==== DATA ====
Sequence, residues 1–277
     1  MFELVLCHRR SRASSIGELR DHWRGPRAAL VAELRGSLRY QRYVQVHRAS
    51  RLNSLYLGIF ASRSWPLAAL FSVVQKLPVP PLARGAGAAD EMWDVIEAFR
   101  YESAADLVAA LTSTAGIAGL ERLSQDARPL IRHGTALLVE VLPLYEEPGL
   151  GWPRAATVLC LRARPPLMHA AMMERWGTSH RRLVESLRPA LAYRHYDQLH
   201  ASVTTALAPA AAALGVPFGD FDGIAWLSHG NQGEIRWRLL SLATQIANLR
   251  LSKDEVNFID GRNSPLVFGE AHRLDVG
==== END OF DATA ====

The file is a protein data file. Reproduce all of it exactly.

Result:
Sequence, residues 1–277
     1  MFELVLCHRR SRASSIGELR DHWRGPRAAL VAELRGSLRY QRYVQVHRAS
    51  RLNSLYLGIF ASRSWPLAAL FSVVQKLPVP PLARGAGAAD EMWDVIEAFR
   101  YESAADLVAA LTSTAGIAGL ERLSQDARPL IRHGTALLVE VLPLYEEPGL
   151  GWPRAATVLC LRARPPLMHA AMMERWGTSH RRLVESLRPA LAYRHYDQLH
   201  ASVTTALAPA AAALGVPFGD FDGIAWLSHG NQGEIRWRLL SLATQIANLR
   251  LSKDEVNFID GRNSPLVFGE AHRLDVG